KLK721: Improved Simulation of Driver Behavior: Modeling Protected and Permitted Left-Turn Operations at Signalized Intersections

Principal Investigators

Ahmed Abdel-Rahim and Karen Den Braven

Type of Research

20% basic; 80% applied research

Project Objectives

This project addresses several of the NIATT goals as cited in the Strategic Plan:  

      Goal 1, Strategy 1.1 (Improve our nation’s transportation research database)
      Goal 3, Strategies 3.1,3.4 (Enlarge our interdisciplinary teams of faculty and
                                          develop new knowledge using research groups)

This project is a completely new area of endeavor for NIATT.  The vehicle and traffic centers are proposing to jointly examine the feasibility of combining the area of traffic operations with that of vehicle performance.
Background

The Clean Air Act (CAA) requires EPA to regularly update its mobile source emission models. EPA continuously collects data and measures vehicle emissions to make sure the Agency has the best possible understanding of mobile source emissions.  MOVES2010 is the state-of-the-art upgrade to EPA’s modeling tools for estimating emissions from highway vehicles, based on analysis of emission test results. The name “MOVES” is an acronym for “Motor Vehicle Emission Simulator.” MOVES2010 replaces the previous model for estimating on-road mobile source emissions, MOBILE6.2. The new model, MOVES2010, has been designed to do calculations with information in databases, using the open source database management software known as MySQL.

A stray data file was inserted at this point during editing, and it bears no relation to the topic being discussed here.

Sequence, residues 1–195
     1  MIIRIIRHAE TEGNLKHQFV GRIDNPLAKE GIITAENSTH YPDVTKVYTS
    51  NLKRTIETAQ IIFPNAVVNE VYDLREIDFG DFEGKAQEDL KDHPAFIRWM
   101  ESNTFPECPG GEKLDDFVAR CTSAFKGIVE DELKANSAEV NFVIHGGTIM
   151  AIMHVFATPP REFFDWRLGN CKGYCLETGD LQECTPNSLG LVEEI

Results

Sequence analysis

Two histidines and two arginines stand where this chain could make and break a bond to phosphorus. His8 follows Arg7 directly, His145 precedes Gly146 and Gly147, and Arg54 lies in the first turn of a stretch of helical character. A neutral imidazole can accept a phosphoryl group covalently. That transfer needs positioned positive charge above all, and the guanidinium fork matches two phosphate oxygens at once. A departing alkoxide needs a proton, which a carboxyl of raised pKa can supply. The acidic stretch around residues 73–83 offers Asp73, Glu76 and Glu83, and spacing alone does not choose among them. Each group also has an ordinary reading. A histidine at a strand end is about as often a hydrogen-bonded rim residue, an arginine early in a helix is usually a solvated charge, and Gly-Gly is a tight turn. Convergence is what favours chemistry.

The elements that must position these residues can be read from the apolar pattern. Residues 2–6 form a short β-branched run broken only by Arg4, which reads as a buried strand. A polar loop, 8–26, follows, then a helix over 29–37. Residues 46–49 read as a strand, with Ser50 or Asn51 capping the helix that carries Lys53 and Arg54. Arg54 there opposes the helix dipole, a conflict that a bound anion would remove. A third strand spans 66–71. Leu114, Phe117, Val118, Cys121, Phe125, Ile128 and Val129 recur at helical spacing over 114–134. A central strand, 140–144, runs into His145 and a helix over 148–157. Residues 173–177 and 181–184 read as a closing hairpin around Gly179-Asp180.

MOVES2010 will become EPA’s approved motor vehicle emission factor model for estimating volatile organic compounds (VOCs), nitrogen oxides (NOx), carbon monoxide (CO), direct particulate matter (PM10 and PM2.5) and other pollutants and precursors from cars, trucks, motorcycles, and buses by state and local agencies outside of California.  EPA intends to include in the notice a two-year grace period for using MOVES2010 for transportation conformity purposes.

A comparison between MOVES 2010 and MOBILE6.2 emission output revealed the following:

  • For volatile organic compounds (VOCs): For all the urban counties modeled, mobile source VOC emissions were lower using MOVES2010 than previously estimated using MOBILE6.2. This difference is most noticeable for Tier 1 and newer vehicles, especially for evaporative emissions.

  • For oxides of nitrogen (NOx): Emissions from both light- and heavy-duty trucks are higher than previously estimated. Using MOVES2010 and assuming no change in extended idle activity as a fraction of total activity, EPA projects that uncontrolled extended idle emissions from heavy-duty vehicles will become a significant share of the on-road mobile source NOx inventory in the future. In some urban areas of the country, in fact, extended idle emissions could comprise approximately one quarter of total heavy-duty NOx emissions by 2020. This increase in the fraction of overall emissions represented by idling emissions is due to the fact that new heavy-duty vehicle standards are driving down regular exhaust emissions, making the idle fraction bigger by comparison.